Photo by Brady Bellini via UnsplashPhoto by Chris Gallagher via UnsplashPhoto by Petr Magera via UnsplashPhoto by Sergei A via Unsplash+ 8

Climate-Smart Furniture: The Story Behind a 100% Sustainable Lounge Chair

Since the early 2000s, it has been widely reported that the construction industry accounts for nearly 40% of the planet’s CO2 emissions. The role of interiors in that percentage has been historically underestimated, with common statistics suggesting that a project’s furniture, fixtures and equipment are only responsible for about 7 to 10% of its overall carbon footprint. However, new research notably indicates the contrary: in a building’s average life span, the carbon footprint of its interiors will equal – if not exceed – that of the structure and envelope. Interior design, to the surprise of many, has actually been doing great harm.

Earth Day 2022: The World's Progress towards Achieving Sustainable Architecture

As the climate crisis continues to present itself as a significant threat to the future of the ecosystem and built environment, this year's IPCC report, titled Climate Change 2022: Impacts, Adaptation, and Vulnerability, found that while adaptation efforts are being observed across all sectors, the progress being implemented so far is greatly uneven, as there are gaps between the actions taken and what is needed. On this year's Earth Day, we explore the progress being made by governments and architects to achieve net-zero operations within the next decades.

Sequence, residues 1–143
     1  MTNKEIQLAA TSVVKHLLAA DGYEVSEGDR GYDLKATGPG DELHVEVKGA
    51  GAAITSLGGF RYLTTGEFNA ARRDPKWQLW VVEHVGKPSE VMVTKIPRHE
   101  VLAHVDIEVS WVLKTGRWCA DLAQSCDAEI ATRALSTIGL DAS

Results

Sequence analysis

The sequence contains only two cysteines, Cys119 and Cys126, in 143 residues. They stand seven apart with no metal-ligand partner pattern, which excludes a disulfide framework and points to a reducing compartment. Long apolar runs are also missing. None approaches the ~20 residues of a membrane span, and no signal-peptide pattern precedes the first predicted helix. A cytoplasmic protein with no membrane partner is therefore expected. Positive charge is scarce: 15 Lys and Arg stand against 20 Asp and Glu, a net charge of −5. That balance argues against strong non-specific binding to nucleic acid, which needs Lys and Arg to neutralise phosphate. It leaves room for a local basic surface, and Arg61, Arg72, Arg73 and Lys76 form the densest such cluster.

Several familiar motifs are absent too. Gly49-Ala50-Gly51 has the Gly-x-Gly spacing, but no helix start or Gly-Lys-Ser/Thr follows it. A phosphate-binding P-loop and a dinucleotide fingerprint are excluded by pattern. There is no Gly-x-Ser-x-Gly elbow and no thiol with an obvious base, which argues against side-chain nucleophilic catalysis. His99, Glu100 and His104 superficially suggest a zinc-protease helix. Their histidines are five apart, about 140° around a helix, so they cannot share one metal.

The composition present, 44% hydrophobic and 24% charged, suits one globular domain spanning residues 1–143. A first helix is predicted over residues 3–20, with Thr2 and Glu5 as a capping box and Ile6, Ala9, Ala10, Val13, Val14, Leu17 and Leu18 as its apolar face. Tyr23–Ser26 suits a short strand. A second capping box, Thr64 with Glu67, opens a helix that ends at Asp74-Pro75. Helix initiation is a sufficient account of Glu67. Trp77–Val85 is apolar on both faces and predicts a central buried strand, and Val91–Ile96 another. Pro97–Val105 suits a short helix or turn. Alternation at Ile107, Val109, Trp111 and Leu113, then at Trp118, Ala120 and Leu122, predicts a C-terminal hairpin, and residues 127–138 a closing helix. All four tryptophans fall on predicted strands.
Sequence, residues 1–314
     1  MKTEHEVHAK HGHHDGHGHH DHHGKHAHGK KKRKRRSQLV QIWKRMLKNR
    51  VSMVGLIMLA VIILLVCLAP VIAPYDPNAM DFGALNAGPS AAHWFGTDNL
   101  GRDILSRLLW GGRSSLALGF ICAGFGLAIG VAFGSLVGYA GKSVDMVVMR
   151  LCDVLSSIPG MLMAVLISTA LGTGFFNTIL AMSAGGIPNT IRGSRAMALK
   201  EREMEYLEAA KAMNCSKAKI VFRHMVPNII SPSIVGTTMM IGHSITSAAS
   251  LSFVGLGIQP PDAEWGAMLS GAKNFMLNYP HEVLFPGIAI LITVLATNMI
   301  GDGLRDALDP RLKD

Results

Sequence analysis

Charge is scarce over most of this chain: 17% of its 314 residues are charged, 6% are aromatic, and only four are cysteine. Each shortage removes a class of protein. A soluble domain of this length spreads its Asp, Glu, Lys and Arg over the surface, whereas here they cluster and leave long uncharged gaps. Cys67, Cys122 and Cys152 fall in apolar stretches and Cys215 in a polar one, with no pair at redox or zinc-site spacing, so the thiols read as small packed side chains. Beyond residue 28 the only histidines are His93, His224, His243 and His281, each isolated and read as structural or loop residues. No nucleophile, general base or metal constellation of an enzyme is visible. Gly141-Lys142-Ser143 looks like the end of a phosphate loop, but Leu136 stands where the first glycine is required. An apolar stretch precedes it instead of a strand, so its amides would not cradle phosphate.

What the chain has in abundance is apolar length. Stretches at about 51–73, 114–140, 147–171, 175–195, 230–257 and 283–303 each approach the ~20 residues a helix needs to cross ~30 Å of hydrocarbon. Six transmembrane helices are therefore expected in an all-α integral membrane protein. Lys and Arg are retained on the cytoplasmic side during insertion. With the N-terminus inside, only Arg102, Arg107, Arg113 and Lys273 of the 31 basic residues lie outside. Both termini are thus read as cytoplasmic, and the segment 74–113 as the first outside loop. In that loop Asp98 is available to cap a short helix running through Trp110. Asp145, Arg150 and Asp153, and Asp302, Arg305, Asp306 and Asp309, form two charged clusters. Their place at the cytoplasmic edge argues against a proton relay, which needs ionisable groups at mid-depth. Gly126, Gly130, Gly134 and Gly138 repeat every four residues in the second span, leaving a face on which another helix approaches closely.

Hospital Sarah Kubitschek Salvador / João Filgueiras Lima (Lelé).. Image © Nelson KonZero Cottage / David Baker Architects. Image © Matthew Millman Photography© Joe FletcherBee Bricks. Image Courtesy of Green&Blue+ 6

What Does the Future Hold for Coastal Cities Following the Aftermaths of Climate Change?

Coastal cities have always been a point of attraction for residents, tourists, and businesses. Alongside the aesthetic features, their proximity to the sea has made these cities a focal point for maritime transportation with the construction of ports, as well as hotspots for recreational and aquacultural activities. However, the past decades saw these particular regions threatened with a shortened lifespan; rising water levels, floods, and recurring cyclones, along with other natural disasters, have endangered coastal communities, putting their population, ecosystem, and built environment at risk.